Hyperlink-Induced Topic Search is a link analysis algorithm that rates Web pages, developed by Jon Kleinberg. It was a precursor to PageRank...

    , PageRank
    PageRank is a link analysis algorithm, named after Larry Page and used by the Google Internet search engine, that assigns a numerical weighting to each element of a hyperlinked set of documents, such as the World Wide Web, with the purpose of "measuring" its relative importance within the set...

     and TrustRank
    TrustRank is a link analysis technique described in a paper by Stanford University and Yahoo! researchers for semi-automatically separating useful webpages from spam.Many Web spam pages are created only with the intention of misleading search engines...

    . Query-dependent methods attempt to measure the degree to which a page matches a specific query, independent of the importance of the page. Query-dependent ranking is usually based on heuristic
    Heuristic refers to experience-based techniques for problem solving, learning, and discovery. Heuristic methods are used to speed up the process of finding a satisfactory solution, where an exhaustive search is impractical...

    s that consider the number and locations of matches of the various query words on the page itself, in the URL or in any anchor text
    Anchor text
    The anchor text, link label or link text is the visible, clickable text in a hyperlink. The words contained in the anchor text can determine the ranking that the page will receive by search engines. Since 1998, some web browsers have added the ability to show a tooltip for a hyperlink before it is...

     referring to the page.
  • In Webometrics
    The science of webometrics tries to measure the World Wide Web to get knowledge about the number and types of hyperlinks, structure of the World Wide Web and usage patterns...

     it is possible to rank institutions according to their presence in the web (number of webpages) and the impact of these contents (external inlinks=site citations), such as the Webometrics Ranking of World Universities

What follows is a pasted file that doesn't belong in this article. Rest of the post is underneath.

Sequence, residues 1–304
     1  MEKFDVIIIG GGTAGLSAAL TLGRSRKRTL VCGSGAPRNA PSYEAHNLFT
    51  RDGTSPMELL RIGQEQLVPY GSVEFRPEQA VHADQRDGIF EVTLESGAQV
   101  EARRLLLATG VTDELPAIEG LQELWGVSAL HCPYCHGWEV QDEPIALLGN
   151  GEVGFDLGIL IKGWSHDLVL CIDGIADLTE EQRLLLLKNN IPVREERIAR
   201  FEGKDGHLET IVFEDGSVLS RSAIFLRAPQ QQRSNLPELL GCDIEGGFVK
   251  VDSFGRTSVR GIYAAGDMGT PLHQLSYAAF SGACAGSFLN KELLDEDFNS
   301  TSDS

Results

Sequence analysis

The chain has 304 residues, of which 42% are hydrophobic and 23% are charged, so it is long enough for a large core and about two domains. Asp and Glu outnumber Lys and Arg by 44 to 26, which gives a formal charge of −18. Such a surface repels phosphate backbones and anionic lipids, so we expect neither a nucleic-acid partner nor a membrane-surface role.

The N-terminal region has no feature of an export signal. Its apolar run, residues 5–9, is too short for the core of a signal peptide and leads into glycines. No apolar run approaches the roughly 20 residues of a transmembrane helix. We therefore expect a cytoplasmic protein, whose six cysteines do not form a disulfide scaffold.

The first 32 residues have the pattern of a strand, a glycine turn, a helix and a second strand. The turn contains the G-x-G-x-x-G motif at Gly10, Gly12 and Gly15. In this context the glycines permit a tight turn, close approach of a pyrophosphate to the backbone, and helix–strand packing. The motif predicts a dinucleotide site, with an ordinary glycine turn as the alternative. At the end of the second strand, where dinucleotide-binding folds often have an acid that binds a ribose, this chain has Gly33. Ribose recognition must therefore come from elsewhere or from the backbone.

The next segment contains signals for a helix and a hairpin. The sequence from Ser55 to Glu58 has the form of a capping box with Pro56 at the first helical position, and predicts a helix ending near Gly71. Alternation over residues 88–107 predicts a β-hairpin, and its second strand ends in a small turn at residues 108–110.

Webometrics Ranking of World Universities
    The Webometrics Ranking of World Universities, also known as Ranking Web of World Universities, is ranking system for the world's universities based on a composite indicator that takes into account both the volume of the Web contents and the visibility and impact of these web publications...

  • In video gaming, players may be given a ranking. To "rank up
    Rank up
    In video gaming slang, and especially in online multiplayer games, to rank up is to achieve a higher ranking relative to other players...

    " is to achieve a higher ranking relative to other players, especially with strategies that do not depend on the player's skill.
  • The TrueSkill
    TrueSkill is a Bayesian ranking algorithm developed by Microsoft Research and used in the Xbox matchmaking system built to address some perceived flaws in the Elo rating system...

     ranking system is a skill based ranking system for Xbox Live developed at Microsoft Research
  • A bibliogram
    A bibliogram is a verbal construct made when noun phrases from extended stretches of text are ranked high to low by their frequency of co-occurrence with one or more user-supplied seed terms...

     ranks common noun phrases in a piece of text.
  • In language, the status of an item (usually through what is known as "downranking" or "rank-shifting") in relation to the uppermost rank in a clause; for example, in the sentence "I want to eat the cake you made today", "eat" is on the uppermost rank, but "made" is downranked as part of the nominal group "the cake you made today"; this nominal group behaves as though it were a single noun (i.e., I want to eat it), and thus the verb within it ("made") is ranked differently from "eat".
  • Academic journals are sometimes ranked according to impact factor
    Impact factor
    The impact factor, often abbreviated IF, is a measure reflecting the average number of citations to articles published in science and social science journals. It is frequently used as a proxy for the relative importance of a journal within its field, with journals with higher impact factors deemed...

    ; the number of later articles that cite articles in a given journal.

External links